OFF LABEL USE is what is missing from media coverage on Trump and hydroxychloroquine. Reporters either don’t know what off label use is, or they are pretending not to know because ORANGE MAN BAD.

Here is what the FDA says in its guide on the off label use of drugs:

From the FDA perspective, once the FDA approves a drug, healthcare providers generally may prescribe the drug for an unapproved use when they judge that it is medically appropriate for their patient.

If you read any article about chloroquine and hydroxychloroquine, and the article omits OFF LABEL USE, then you are being hoaxed by the media.

P.S. The man in Arizona who died from using chloroquine did not obtain chloroquine from a doctor. He used fish tank cleaner. (Yes, really.)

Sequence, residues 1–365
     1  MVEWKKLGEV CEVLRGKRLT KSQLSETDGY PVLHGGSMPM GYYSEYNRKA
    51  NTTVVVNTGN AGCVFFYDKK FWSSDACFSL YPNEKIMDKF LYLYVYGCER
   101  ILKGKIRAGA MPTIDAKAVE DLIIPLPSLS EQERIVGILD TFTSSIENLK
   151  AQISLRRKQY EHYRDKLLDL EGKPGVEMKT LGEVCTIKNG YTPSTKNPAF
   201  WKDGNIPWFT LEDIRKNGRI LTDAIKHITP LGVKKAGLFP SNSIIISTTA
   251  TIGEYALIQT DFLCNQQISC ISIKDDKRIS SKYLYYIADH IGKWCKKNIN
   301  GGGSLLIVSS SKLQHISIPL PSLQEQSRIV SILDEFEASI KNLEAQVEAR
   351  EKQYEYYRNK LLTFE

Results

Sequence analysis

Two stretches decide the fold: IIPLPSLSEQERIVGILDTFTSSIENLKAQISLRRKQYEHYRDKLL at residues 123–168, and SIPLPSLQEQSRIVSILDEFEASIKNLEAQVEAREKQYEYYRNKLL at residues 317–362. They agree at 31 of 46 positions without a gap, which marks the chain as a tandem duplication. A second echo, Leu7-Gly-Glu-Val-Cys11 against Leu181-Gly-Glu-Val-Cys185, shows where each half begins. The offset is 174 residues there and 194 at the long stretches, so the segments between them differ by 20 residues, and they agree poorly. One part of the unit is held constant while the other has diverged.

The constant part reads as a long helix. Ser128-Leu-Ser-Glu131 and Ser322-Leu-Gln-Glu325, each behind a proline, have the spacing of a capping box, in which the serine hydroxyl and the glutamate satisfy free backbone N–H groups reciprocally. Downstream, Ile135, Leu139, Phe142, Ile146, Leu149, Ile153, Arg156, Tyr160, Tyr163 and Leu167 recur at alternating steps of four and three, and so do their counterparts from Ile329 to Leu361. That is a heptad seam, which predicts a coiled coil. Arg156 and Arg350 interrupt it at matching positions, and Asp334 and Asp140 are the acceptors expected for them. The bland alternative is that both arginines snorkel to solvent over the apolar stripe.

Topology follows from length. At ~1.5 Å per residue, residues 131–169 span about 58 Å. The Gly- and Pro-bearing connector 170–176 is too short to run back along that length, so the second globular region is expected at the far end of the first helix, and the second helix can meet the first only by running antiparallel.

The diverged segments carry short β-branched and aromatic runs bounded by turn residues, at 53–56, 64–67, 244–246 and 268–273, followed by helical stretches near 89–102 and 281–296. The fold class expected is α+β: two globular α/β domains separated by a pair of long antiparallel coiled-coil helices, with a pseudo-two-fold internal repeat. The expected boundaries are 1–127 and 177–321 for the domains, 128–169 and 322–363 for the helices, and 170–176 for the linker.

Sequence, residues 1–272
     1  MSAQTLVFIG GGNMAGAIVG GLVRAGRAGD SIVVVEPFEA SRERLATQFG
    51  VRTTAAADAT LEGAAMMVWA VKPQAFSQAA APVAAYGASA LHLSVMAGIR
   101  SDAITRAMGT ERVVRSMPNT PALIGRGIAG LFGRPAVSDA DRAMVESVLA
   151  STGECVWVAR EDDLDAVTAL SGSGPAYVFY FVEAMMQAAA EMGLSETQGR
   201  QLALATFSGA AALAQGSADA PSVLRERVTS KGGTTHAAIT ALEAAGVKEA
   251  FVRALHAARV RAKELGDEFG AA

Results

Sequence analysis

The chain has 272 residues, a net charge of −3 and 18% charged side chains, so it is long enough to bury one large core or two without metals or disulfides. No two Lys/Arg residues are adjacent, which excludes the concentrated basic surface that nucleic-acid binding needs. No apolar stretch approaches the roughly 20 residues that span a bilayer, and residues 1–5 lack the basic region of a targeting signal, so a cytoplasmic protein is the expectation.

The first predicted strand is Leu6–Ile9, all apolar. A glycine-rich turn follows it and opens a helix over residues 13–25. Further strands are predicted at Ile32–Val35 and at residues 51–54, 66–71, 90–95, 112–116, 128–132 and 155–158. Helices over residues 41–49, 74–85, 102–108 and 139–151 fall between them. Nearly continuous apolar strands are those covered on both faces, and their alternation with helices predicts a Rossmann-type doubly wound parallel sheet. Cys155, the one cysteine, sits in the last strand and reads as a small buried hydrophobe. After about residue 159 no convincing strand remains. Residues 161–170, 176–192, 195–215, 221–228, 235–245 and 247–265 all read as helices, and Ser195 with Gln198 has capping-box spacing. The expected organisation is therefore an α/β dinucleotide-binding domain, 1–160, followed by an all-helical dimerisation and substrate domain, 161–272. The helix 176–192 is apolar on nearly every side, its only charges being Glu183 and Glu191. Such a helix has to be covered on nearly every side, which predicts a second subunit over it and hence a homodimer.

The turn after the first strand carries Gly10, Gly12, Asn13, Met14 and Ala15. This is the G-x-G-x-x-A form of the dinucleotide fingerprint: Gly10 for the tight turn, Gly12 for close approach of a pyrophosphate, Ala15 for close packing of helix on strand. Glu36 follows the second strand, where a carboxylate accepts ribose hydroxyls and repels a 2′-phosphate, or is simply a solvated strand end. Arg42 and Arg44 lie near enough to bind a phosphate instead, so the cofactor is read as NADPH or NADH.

The couple unfortunately equated the chloroquine phosphate in their fish treatment with the medication —known as hydroxychloroquine — that has recently been touted as a possible treatment for COVID-19, which has infected more than 42,000 people in the U.S. and killed at least 462.

Reports that the man died after “listening to Trump’s advice” are dishonest.

The Arizona man’s wife is also a Democrat donor.

Wanda donated to the PAC 314 Action Fund, which has called itself the “pro-science resistance” to the White House.

Additionally, Fox News has reviewed a Facebook page apparently belonging to Wanda, which was first identified by the Twitter user Techno Fog. “Your psycho prez is in [t]own, are you going to see him?” Wanda wrote on Facebook on Feb. 19, by way of wishing a friend a happy birthday. Trump was in town at a rally in Phoenix, Ariz., on that day.

She administered the chloroquine to her husband. This wife was the only person who hates Trump who listened to Trump, by giving her husband chloroquine-based fish tank cleaner.

Nothing suspicious about that at all.

P.P.S. If you like this post, you’ll love Hoaxed Movie. Watch it here today.